Authors: Cary Coglianese
Center for Business and Government, John F. Kennedy School of Government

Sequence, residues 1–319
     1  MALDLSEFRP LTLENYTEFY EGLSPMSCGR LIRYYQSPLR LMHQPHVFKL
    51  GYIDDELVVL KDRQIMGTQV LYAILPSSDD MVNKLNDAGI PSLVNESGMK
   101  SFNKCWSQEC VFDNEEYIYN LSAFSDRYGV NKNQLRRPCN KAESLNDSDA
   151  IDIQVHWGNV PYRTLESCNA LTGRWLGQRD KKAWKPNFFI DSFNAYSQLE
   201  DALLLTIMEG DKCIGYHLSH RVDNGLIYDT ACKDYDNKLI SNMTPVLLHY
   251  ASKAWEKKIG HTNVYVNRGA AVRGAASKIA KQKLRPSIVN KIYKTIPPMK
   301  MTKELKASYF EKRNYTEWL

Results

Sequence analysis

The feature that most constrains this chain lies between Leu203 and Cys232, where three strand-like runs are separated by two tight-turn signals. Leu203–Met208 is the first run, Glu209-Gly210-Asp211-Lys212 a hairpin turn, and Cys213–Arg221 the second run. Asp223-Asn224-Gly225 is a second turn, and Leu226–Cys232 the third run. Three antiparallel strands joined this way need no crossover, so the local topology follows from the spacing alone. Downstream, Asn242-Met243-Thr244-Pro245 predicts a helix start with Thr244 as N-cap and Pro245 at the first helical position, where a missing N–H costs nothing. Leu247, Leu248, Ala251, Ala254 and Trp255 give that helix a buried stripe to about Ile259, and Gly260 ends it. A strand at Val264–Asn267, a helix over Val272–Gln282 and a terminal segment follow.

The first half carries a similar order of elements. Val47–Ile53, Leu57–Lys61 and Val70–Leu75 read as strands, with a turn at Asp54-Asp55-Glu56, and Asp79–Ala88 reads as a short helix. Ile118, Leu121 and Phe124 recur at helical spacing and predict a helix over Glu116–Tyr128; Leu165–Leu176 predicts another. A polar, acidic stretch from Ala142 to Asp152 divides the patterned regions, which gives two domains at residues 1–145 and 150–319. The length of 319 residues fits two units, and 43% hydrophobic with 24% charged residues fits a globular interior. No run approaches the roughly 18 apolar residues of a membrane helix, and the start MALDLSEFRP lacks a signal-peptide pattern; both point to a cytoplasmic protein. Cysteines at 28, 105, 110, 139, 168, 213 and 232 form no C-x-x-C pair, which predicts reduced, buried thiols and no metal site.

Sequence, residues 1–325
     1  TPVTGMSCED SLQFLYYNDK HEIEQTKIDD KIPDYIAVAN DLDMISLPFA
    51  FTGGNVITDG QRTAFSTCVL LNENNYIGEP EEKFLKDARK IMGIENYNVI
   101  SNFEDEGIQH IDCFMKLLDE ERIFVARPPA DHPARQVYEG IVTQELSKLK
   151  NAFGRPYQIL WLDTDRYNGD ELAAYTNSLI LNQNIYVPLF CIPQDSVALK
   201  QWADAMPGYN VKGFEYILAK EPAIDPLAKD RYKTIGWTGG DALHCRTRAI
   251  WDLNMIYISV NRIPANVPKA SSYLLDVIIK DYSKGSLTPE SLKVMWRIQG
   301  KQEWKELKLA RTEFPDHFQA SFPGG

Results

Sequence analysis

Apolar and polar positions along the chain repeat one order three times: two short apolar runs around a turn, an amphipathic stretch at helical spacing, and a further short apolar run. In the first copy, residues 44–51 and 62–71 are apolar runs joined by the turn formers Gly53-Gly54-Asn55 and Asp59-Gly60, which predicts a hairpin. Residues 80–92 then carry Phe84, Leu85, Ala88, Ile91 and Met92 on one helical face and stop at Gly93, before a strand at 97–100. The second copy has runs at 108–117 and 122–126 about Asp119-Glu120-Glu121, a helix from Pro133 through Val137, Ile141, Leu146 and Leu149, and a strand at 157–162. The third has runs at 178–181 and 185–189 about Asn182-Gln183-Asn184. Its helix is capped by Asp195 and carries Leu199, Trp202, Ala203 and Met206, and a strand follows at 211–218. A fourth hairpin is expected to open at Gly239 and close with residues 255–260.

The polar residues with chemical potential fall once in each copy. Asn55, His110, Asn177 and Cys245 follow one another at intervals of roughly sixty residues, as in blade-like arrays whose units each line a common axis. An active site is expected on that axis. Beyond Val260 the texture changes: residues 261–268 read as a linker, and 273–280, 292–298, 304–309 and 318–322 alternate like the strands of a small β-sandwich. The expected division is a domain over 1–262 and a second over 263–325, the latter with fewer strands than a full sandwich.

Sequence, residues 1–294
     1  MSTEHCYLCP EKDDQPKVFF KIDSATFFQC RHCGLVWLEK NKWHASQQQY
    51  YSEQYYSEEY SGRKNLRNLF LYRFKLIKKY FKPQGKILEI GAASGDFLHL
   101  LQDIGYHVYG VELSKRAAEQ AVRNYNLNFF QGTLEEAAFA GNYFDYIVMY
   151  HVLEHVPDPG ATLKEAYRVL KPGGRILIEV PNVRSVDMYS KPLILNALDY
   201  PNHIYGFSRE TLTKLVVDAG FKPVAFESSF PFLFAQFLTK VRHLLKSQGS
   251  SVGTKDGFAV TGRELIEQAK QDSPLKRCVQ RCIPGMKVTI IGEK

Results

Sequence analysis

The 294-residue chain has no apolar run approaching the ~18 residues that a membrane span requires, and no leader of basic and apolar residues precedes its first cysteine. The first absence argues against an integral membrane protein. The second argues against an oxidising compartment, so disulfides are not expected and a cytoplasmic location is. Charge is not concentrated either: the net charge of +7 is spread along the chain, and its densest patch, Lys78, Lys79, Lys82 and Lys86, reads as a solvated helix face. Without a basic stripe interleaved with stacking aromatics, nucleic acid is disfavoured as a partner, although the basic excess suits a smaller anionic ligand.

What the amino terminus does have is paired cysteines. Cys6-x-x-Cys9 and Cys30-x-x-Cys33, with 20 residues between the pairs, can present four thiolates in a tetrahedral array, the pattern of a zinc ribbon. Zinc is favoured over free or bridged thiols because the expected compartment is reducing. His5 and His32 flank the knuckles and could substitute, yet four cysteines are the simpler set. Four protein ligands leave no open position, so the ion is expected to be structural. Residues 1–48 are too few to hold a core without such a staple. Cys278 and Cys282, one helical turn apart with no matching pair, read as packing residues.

This chapter raises caution about using participant satisfaction, or other measures based on participants' attitudes and opinions, in evaluating dispute resolution and public participation in regulatory policymaking. The author first elaborates on the use of satisfaction as a policy evaluation criterion and illustrate the role it has come to play in research evaluating public participation in regulatory policy making, most particularly in the area of environmental and natural resources policy. He then draws out two conceptual limitations on the use of participant satisfaction, namely that (a) satisfaction does not necessarily equate with good public policy, and (b) participant satisfaction is at best an incomplete measure because it excludes those who do not participate. Finally, he details a series of problems in applying, measuring, and interpreting participant satisfaction that make it a problematic metric for evaluating public participation in regulatory processes. In light of the conceptual and measurement problems with relying on satisfaction, evaluation researchers should resist relying on participant surveys to evaluate public participation techniques, and instead, should focus attention directly on the effectiveness, efficiency, and equity of the decisions that result from different forms of public participation.
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